The role that AmeliCA and Becerril-García have played in the discussion over Plan S has been important and influential. Interestingly, as the debate has played out, it is not only OA advocates in the South that have been reaching the conclusion that AmeliCA has.”


Poynder, R. (6 de marzo, 2019). Plan S and the Global South-What do countries in the Global South stand to gain from signing up to Europe’s open access strategy? [Entrada en blog]. LSE The Impact Blog.

“In other words, the basis of an alternative strategy is already in place. As a new Latin American initiative called AmeliCA points out, Plan S seeks to regulate commercial agreements, where AmeliCA is focused on “building an infrastructure from and for the academy.”


Poynder, R. (15 de febrero, 2019). Plan S: What strategy now for the Global South? [Entrada en blog]. Richard Poynder.

“Here cOAlition S is only echoing a concern many share, of course, both in the North and the South. As restlessness has grown over the deeply flawed way in which researchers and their works are currently assessed, and the dominance of the pernicious journal hierarchy and impact factor, calls for change have gained considerable traction. Significantly, the “owner” of the impact factor (Clarivate Analytics) recently published a report that “draws attention to the information that is lost when data about researchers and their institutions are squeezed into simplified metrics or a league table.”
To address this a new Latin American initiative called AmeliCA recently put together a multidisciplinary working group of experts from different countries with the aim of generating more relevant and fair metrics for researchers, for journals, and for science.“


Sayer, L. (5 de febrero, 2019). Plan S and Open Access in Latin America: Interview with Dominique Babini [Entrada en blog]. International Science Council.

“Plan S comes at a time when we see growth in non-profit Open Access initiatives, so we have to ask if Plan S is a way of ensuring a predominant role for journals with APCs in the future of Open Access? Is global Open Access about transforming the market from pay-to-read to pay-to-publish, or both during the transition period?
In Latin America we have a different view. Scholarly communications are managed by the scholarly community, with its own journal platforms and repositories, and supported by public funds as part of the public infrastructure needed for research. It is not a market, as is reflected in the short presentation “AmeliCA versus Plan S”
Plan S funders should support these diverse realities”.

Shorish, Y. & Chan, L. (22 de Octubre de 2019). Co-creating Open Infrastructure to Support Epistemic Diversity and Knowledge Equity [Mensaje en un blog]. ScholarLerd.

Taster, M. (24 de octubre de 2019). Open Access Week 2019 – What are we talking about and where are we going? [Mensaje en un blog]. LSE Impact Blog.

“(…) lograr la equidad en el acceso abierto y la investigación requiere de trabajo continuo en muchas dimensiones, desde la macro escala de alcanzar un sistema de investigación abierto que reconoce y alimenta una diversa gama de voces internacionales, hasta la micro escala de desarrollar formas de publicación abierta que en verdad trabajan para las necesidades de diferentes tradiciones de investigación y de aquellos que están deseosos de aprender de ellas. Este post sólo puede abordar la superficie de estos problemas, pero clarifica, no más como lo hace la Semana del Acceso Abierto 2019, que el acceso abierto es un proyecto continuo y a pesar de que sea una realidad para algunos por ahora, necesitamos seguir trabajando para que sea equitativo para todos”.

Tennant, J. (5 de marzo, 2019). Plan S – Time to decide what we stand for [Entrada en blog]. LSE The Impact Blog.

“The consultation process and the wider discussions around Plan S, have also given rise to a number of new questions and my impression is that there are still huge numbers of voices that are not being heard. One particular sticking point in the consultation, were statements made by established western researchers and research organisations along the lines of: ‘Plan S will have a negative impact on junior/global-south/underfunded researchers’. In contrast, EURODOC, perhaps the most representative statement from junior researchers so far on Plan S, shows widespread support for Plan S. The recent launch of AmeliCA in Latin America, also highlights how far behind western understandings and implementations of OA are. These dissenting voices are important as they reveal how centred OA debates are in the global north and amongst an elite group engaged in the scholarly communications industry.”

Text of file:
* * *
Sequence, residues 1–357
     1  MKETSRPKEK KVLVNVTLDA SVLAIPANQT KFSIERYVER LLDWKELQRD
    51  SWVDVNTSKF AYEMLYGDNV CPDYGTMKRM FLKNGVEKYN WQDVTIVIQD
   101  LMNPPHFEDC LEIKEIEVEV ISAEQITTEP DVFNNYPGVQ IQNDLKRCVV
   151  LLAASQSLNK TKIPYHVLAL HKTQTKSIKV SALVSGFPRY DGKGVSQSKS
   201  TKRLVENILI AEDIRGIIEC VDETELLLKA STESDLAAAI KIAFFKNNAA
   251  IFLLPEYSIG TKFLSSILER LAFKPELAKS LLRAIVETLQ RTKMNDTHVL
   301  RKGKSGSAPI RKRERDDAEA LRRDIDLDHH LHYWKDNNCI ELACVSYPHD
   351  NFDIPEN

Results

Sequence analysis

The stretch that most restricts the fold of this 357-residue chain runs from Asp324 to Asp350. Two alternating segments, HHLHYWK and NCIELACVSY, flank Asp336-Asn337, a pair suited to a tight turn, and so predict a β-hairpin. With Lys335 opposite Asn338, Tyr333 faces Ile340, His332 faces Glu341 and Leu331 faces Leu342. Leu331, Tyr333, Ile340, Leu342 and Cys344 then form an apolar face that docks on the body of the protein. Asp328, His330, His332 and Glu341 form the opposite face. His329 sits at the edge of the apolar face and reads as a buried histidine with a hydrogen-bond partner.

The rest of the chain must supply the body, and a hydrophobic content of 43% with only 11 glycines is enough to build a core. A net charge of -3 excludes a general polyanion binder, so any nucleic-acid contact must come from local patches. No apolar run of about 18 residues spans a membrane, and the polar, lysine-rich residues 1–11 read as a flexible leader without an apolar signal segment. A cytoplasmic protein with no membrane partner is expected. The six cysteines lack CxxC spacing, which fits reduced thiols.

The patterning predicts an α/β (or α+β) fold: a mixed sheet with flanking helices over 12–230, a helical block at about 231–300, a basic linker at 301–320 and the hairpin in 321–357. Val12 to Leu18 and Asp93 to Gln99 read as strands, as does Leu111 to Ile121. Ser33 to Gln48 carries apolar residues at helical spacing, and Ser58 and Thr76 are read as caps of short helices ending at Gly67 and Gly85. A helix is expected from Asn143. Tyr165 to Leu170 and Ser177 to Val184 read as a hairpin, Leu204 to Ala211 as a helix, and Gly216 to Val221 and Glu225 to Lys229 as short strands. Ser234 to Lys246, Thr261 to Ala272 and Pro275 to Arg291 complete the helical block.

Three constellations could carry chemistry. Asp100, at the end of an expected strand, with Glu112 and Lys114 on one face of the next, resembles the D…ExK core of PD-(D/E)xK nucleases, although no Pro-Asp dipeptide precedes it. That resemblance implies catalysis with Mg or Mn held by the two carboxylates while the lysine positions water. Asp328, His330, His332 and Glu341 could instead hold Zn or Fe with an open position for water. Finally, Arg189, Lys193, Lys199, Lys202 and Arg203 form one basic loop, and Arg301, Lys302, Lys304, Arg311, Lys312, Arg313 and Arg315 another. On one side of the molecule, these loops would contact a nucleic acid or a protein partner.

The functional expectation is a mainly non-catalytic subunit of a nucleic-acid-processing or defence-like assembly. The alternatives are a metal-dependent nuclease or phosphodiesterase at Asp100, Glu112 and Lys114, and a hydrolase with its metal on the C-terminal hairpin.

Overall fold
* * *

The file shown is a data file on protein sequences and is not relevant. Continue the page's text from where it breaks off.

Tennant, J. (11 de marzo de 2019). Plan S: Achieving Universal Open Access to Research Papers is Becoming Unavoidable [Entrada en blog]. The Wire.

“The consultation process and the wider discussions around Plan S, have also given rise to a number of new questions and my impression is that there are still huge numbers of voices that are not being heard. One particular sticking point in the consultation, were statements made by established western researchers and research organisations along the lines of: ‘Plan S will have a negative impact on junior/global-south/underfunded researchers’. In contrast, EURODOC, perhaps the most representative statement from junior researchers so far on Plan S, shows widespread support for Plan S. The recent launch of AmeliCA in Latin America, also highlights how far behind western understandings and implementations of OA are. These dissenting voices are important as they reveal how centred OA debates are in the global north and amongst an elite group engaged in the scholarly communications industry.”

Tennant, J., Kramer, B. & Ross-Hellauer, T. (17 de Octubre de 2019). Should digital research infrastructure for Open Science be open itself? [Mensaje en un blog]. Open Science Mooc.


UNESCO (12 de abril de 2019). Launch of the Global Alliance of Open Access Scholarly Communication Platforms to democratize knowledge.

“At a session organized by UNESCO on 8th April at the WSIS Forum 2019 in Geneva, coordinators of six platforms – AmeliCA, AJOL, Érudit, J-STAGE, OpenEdition, and SciELO Network agreed to join forces to democratize scientific knowledge following a multicultural, multi-thematic and multi-lingual approach.”

Valenzuela, C. (27 de junio de 2019). En qué consiste AmeliCA, la alternativa de acceso abierto para América Latina [Entrada en blog]. Tipográfica.

“AmeliCA advierte que es importante considerar que la ciencia es una institución global y que, en virtud de esto, las decisiones y acciones que se toman en algún punto del sistema alteran y tienen consecuencias en otras áreas. No vacilan en levantar una bandera en beneficio de una participación más igualitaria, en la que tengan cabida todas las naciones en el discurso científico, con plena conciencia de la diversidad y las diferentes agendas locales para reducir las brechas en el campo de la publicación científica.”